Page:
First, it seems that the way that ads are currently delivered to newsfeeds will remain relatively unchanged. Secondly, since people will spend less time on Facebook, there should be fewer eyes on screens at any given time, which will likely cause advertising space to be less in-demand. This will cause the price of ads on Facebook to rise. The third thing that we can predict will be that in order to combat the loss in organic reach, advertisers with the financial means to do so will direct money away from organic reach, and move it toward paid reach. Unfortunately, this too will mean that Facebook ads will rise in cost.
What Is the Takeaway in All This?
At the end of the day, Facebook has been modifying its algorithms since the day it was founded, and content marketing is an industry based on this fluidity. Although some content creators may be disheartened by the change in algorithm, there’s no reason that content campaigns in 2018 cannot be adjusted to accommodate the new Facebook priorities. The main takeaways to remember are these:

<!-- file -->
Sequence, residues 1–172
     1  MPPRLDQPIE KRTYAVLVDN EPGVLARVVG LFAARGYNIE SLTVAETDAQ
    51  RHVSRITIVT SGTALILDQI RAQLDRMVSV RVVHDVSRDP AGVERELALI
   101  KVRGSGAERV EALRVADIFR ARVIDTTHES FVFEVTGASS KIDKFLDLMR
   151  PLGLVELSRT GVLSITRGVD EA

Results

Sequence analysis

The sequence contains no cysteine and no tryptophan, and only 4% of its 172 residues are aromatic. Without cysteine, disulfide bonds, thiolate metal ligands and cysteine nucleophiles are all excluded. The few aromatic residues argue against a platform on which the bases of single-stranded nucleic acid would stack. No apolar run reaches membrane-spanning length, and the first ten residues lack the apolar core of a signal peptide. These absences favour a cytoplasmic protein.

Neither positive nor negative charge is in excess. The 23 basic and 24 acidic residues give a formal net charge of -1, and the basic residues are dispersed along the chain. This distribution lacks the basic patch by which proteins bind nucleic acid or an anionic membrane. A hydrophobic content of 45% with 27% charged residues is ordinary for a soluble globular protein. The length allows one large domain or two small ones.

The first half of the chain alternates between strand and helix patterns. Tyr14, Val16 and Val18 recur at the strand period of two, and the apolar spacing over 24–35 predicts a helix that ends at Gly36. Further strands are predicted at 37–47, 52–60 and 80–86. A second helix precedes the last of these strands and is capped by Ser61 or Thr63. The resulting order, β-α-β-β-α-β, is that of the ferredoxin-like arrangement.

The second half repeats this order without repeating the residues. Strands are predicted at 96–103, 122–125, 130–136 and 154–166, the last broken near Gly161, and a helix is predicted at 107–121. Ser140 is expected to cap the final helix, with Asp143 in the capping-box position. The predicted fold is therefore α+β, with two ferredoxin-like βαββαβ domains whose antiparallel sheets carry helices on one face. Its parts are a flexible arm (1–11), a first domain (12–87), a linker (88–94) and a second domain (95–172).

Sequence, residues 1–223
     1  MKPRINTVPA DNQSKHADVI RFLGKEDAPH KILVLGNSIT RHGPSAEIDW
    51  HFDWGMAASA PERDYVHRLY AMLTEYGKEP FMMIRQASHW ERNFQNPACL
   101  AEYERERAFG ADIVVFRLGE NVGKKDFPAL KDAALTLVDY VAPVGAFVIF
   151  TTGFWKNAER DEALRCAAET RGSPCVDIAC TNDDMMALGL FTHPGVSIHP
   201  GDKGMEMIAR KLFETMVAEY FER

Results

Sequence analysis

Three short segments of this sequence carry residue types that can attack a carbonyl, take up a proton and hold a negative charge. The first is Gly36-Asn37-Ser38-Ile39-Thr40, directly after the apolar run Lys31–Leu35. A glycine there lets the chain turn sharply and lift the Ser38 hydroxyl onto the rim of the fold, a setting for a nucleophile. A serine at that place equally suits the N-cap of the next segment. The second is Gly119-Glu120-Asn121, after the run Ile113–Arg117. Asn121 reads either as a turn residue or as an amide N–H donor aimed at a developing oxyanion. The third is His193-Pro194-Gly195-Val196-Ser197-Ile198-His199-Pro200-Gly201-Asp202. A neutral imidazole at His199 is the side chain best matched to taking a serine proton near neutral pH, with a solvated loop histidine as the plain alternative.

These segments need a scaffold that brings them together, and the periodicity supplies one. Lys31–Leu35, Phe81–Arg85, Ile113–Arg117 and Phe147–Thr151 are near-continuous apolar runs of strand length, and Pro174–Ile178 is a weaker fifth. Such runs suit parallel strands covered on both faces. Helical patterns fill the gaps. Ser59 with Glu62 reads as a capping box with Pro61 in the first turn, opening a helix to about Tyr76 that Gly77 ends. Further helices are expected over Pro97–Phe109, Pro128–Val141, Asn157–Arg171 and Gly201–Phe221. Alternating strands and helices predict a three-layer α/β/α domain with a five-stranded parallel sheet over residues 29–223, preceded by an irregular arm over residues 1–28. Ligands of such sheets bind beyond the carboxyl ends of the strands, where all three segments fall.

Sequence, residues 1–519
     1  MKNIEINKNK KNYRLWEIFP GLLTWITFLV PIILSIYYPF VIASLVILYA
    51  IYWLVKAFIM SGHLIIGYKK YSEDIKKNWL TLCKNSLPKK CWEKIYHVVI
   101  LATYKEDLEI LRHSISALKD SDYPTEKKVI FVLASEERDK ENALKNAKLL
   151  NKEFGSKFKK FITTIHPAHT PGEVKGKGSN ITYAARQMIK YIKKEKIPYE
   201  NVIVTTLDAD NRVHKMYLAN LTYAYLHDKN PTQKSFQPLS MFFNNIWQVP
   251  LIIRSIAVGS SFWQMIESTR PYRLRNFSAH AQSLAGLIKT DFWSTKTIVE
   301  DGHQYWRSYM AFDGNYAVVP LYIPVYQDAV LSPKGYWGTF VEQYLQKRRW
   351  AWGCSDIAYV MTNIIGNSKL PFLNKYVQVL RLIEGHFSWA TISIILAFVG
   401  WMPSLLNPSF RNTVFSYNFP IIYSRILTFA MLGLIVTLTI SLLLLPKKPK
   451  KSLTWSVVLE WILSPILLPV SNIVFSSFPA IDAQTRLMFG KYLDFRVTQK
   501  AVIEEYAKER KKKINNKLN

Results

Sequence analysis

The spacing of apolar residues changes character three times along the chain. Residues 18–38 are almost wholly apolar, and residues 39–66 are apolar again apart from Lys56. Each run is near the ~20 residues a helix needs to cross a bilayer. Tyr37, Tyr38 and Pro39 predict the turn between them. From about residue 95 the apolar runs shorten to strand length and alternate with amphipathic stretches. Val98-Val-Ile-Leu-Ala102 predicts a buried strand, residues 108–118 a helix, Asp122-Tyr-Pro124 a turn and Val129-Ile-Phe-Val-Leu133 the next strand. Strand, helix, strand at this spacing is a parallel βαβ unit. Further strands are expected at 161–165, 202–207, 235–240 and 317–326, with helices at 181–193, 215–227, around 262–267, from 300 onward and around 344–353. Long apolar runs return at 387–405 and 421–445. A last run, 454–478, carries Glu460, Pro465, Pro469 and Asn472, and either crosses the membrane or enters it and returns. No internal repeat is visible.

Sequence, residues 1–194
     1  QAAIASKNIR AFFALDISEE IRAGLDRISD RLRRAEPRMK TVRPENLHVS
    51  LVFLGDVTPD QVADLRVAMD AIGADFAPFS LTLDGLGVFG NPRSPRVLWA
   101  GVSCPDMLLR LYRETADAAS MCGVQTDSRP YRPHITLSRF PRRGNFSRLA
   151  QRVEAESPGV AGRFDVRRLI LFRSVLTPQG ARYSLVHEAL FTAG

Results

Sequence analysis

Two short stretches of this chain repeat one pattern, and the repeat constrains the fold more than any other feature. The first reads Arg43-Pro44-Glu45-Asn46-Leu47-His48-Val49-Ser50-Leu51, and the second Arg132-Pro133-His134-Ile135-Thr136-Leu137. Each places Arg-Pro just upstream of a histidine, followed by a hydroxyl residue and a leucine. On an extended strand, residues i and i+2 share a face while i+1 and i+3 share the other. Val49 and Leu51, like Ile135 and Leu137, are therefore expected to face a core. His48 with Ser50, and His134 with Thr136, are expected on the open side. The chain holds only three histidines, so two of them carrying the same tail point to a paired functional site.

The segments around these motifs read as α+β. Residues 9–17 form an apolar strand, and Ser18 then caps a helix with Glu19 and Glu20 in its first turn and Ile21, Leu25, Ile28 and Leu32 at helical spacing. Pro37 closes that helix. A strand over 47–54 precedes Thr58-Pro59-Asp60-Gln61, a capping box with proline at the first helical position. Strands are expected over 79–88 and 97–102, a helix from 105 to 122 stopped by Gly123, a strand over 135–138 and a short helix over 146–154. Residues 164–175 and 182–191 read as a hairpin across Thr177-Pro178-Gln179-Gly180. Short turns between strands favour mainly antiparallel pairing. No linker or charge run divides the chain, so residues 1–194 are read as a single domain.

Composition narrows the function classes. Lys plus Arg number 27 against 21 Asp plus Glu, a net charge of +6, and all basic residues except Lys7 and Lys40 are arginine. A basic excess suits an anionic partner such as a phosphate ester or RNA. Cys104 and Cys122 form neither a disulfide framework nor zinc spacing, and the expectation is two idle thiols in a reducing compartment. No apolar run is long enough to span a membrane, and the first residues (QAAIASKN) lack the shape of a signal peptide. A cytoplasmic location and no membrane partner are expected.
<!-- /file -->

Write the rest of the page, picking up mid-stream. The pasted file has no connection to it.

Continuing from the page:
- Prioritize meaningful content that your users can really interact with
- Engage in community groups and form your own
- Either minimize video production or maximize educational content in videos
- Keep an eye out for rising advertising costs do some prioritizing yourself
At the end of the day, any platform that holds 2 billion users will be a source of readership and revenue. Remember that there are practical and active ways that you can adapt to the change to retain your current output of content and following. Collaborate with your own community to promote each other’s content, and remind your loyal followers to ‘see first’ all of your content. There are many ways that you can make Facebook Zero work for your marketing campaign.
Iris Content can also be a valuable resource in navigating these new changes. Contact our team today for ways to thrive in Facebook Zero.
Chief Content Officer
Annie has 20 years of experience as an editor and content creator and manager. With work in television and written media, she has dedicated her past 10 years to learning the ropes of online content creation, from writing to editing, from SEO to content management.